18 December 2019, 12:30-14:00
Register start 27 November 2019
Register end 17 December 2019
Inspired by the ATLAS series of online profiles, this event, co-organized with the ATLAS Network will feature prominent women in international law. Coming from different professional backgrounds, they will candidly share their experience and advice with the audience through an interactive discussion.
Panelists will reflect on what propelled them to an international career, the challenges they have faced and tackled, and advice for other young professionals on a similar path.
You need to register to attend this event, via this online form.
Tram 15, tram stop Butini
Bus 1 or 25, bus stop Perle du Lac
Villa Moynier is accessible to people with disabilities. If you have a disability or any additional needs and require assistance in order to participate fully, please email info[at]geneva-academy.ch
Aerial View of the Persian Gulf / NASA
Our new War Report article analyses the June 2019 shooting down by Iran of a United States (US) military drone and the alleged US counter cyber-attack.
In this interview, Sonali Wanigabaduge, who is enrolled in our Master of Advanced Studies (MAS) in Transitional Justice, Human Rights and the Rule of Law, tells us about the programme and life in Geneva.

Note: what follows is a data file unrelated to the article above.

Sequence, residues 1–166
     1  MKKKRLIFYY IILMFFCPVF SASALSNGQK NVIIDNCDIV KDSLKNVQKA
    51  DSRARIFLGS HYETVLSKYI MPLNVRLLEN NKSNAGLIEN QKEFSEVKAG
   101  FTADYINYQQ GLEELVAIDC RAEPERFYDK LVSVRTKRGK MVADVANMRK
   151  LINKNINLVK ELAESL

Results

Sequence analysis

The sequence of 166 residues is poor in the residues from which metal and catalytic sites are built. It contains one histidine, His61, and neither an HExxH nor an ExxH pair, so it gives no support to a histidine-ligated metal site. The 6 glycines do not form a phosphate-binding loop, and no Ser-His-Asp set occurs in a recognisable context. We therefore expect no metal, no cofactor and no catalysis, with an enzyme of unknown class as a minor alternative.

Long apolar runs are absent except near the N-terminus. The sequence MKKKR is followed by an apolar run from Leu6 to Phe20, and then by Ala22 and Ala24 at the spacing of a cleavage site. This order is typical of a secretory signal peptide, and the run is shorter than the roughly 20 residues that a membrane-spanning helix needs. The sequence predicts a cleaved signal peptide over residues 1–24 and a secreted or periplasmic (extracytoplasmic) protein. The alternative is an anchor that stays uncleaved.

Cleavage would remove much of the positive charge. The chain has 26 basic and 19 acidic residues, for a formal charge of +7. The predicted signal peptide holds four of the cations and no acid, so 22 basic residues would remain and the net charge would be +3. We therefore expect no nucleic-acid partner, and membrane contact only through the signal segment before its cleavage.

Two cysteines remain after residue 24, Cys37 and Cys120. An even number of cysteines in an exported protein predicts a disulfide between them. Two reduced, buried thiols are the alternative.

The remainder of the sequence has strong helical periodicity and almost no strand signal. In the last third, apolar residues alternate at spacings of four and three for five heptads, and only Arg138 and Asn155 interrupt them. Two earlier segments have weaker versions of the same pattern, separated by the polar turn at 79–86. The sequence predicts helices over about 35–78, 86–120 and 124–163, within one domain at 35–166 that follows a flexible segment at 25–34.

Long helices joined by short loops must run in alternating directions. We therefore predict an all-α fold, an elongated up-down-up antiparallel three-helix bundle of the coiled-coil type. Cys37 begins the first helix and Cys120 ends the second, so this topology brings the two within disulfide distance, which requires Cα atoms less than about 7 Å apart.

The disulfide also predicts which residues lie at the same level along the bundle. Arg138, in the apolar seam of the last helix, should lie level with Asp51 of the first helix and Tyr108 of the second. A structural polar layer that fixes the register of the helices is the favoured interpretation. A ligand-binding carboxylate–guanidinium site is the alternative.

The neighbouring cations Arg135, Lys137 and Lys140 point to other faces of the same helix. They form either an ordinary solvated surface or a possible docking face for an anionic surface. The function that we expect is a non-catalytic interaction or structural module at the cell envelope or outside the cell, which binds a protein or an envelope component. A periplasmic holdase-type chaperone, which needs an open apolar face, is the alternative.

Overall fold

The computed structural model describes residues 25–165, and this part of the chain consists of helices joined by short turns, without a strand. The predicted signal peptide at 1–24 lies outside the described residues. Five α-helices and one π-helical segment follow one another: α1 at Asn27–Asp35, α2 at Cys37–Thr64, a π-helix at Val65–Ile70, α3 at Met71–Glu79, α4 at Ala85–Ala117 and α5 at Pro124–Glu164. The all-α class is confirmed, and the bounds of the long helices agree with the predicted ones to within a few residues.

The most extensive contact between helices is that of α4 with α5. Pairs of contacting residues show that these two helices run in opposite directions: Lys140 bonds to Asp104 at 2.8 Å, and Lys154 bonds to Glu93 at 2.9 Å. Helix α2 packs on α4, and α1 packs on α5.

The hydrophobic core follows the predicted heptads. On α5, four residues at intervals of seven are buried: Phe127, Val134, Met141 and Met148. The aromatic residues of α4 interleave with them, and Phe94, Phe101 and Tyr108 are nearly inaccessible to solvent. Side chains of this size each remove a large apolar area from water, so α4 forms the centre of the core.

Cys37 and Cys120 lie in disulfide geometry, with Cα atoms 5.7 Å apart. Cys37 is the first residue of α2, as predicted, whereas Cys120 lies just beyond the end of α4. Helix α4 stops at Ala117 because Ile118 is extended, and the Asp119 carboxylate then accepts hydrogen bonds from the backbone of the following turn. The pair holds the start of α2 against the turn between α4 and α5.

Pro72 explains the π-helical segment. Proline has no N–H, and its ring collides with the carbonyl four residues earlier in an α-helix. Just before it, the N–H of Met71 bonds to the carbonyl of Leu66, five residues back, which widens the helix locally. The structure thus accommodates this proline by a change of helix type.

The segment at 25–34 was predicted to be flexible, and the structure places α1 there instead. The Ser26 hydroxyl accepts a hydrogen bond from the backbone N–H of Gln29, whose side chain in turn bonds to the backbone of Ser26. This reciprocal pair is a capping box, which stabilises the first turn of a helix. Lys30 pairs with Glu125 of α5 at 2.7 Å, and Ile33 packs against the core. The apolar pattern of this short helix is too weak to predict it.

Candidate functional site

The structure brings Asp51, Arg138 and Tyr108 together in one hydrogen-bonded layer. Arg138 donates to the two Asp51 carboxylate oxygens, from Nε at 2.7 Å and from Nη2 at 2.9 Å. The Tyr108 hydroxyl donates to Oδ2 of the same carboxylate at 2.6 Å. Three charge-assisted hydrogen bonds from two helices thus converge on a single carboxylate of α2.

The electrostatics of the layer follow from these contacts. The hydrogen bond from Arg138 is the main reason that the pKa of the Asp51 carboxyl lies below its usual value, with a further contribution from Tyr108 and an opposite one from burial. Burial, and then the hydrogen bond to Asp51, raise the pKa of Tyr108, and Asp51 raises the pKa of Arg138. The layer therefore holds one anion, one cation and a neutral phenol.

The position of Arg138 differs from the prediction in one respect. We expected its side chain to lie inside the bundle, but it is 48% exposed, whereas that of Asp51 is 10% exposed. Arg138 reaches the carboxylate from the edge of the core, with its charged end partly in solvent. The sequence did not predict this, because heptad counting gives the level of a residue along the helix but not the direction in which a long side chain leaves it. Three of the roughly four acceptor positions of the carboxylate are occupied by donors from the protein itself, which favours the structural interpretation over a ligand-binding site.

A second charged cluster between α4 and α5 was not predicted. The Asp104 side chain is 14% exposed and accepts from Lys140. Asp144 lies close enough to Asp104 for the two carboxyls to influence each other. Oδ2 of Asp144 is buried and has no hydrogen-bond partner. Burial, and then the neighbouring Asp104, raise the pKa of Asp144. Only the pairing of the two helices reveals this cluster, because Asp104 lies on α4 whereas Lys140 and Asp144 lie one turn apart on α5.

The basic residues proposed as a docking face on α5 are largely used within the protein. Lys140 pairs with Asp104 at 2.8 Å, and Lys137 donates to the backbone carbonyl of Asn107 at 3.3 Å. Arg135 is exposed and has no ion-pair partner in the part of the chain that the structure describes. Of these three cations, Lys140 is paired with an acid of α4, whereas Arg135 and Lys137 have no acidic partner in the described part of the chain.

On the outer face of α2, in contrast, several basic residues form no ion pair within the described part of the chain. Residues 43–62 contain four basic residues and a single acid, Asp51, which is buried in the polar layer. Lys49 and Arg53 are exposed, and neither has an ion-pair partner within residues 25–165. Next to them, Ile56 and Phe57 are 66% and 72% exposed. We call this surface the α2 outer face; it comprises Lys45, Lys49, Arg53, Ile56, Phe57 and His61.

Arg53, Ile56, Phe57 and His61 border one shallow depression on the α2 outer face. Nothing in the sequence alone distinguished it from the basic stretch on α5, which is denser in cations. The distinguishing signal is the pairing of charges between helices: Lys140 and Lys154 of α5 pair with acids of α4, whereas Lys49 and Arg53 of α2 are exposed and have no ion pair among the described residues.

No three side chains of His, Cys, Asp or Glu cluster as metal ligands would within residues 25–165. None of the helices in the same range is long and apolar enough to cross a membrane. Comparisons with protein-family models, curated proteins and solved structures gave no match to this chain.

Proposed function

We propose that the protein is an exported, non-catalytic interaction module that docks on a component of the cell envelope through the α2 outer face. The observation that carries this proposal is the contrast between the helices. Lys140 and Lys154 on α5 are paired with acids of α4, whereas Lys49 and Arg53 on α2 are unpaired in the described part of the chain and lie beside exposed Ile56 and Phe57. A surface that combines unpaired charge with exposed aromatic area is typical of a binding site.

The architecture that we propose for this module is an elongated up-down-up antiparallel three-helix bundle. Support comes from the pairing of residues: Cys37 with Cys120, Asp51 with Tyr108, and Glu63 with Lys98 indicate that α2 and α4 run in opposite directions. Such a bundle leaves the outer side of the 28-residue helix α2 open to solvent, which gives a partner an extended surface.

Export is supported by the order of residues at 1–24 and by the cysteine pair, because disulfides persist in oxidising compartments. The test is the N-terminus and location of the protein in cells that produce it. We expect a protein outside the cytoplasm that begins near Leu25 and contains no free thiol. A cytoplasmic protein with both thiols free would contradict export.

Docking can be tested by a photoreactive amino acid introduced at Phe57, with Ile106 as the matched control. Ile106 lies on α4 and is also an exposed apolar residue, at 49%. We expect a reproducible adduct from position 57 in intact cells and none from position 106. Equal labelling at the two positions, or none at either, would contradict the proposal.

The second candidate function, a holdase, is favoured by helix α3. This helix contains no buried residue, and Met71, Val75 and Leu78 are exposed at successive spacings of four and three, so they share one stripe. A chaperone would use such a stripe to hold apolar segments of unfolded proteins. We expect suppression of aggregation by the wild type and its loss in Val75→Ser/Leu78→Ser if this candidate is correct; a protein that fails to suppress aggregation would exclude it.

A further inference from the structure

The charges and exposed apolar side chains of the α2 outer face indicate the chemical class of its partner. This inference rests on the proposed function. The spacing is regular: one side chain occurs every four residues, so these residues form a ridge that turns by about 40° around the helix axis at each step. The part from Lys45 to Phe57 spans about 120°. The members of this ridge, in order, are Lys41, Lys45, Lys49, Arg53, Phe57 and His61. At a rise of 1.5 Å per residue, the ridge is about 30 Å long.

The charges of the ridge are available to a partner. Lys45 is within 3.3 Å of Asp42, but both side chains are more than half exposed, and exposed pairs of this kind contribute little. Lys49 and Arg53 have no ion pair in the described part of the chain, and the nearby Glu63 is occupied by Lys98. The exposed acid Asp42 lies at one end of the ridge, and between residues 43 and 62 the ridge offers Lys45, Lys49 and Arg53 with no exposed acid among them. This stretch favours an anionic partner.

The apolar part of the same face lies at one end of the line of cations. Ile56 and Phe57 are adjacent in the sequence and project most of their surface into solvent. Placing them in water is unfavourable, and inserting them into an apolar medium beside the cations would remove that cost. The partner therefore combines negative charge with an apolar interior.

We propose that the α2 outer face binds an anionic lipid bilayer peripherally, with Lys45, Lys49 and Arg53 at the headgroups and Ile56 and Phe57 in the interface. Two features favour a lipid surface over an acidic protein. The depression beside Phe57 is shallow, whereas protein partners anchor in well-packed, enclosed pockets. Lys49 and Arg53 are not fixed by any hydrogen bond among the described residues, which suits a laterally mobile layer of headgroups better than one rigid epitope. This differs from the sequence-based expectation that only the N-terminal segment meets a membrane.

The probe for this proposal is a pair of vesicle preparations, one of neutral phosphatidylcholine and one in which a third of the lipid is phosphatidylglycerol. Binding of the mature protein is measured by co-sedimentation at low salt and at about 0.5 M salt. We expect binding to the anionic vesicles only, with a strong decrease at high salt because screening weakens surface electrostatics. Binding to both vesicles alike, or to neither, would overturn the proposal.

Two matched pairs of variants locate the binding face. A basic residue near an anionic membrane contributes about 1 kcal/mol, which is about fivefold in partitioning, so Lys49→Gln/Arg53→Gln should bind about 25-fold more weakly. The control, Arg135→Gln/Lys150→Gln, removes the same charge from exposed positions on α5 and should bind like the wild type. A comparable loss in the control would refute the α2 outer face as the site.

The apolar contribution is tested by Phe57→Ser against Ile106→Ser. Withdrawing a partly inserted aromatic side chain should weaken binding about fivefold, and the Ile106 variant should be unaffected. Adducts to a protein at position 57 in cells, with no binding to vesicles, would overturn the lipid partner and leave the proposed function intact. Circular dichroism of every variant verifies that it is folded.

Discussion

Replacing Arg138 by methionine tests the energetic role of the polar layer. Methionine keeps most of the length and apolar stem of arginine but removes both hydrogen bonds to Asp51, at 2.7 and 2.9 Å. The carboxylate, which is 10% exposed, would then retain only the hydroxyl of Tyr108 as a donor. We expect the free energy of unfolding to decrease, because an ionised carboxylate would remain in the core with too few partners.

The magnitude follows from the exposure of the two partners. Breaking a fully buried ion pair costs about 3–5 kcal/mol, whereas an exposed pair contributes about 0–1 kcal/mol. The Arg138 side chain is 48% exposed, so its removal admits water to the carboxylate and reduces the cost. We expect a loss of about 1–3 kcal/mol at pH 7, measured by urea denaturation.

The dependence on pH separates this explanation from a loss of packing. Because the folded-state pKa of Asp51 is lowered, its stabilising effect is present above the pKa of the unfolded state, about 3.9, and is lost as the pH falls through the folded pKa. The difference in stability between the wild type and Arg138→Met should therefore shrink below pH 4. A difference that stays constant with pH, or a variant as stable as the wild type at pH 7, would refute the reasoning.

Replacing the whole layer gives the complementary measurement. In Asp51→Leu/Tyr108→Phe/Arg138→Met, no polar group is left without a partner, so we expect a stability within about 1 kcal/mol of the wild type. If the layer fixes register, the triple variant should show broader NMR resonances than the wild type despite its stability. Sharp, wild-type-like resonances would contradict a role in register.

Panelists will discuss the struggle of Sednaya's former detainees for justice and accountability, and explore the role of current justice and redress initiatives in the contexts of universal jurisdiction and in the documentation of violations.
Truth Commissions are by now an integral part of the transitional justice vocabulary and practice. This short course will provide a comprehensive, multidimensional and practical examination of this transitional justice mechanism, shedding light on both its aims and the practical challenges it has met or is likely to meet.
This short course analyses the main international and regional norms governing the international protection of refugees. It notably examines the sources of international refugee law, including the 1951 Geneva Convention Relating to the Status of Refugees, and their interaction with human rights law and international humanitarian law.
This research project examines and appraises the impact of innovation and the development of new information technologies on human rights.
This project intends to clarify the conditions of accountability for international crimes by providing a detailed assessment of the customary international law status of, in particular, the actus reus and mens rea elements of modes of liability: planning, instigating, conspiracy, direct and indirect perpetration, co-perpetration, the three forms of joint criminal enterprise, the doctrine of common purpose under the Rome Statute of the International Criminal Court, command responsibility and aiding and abetting.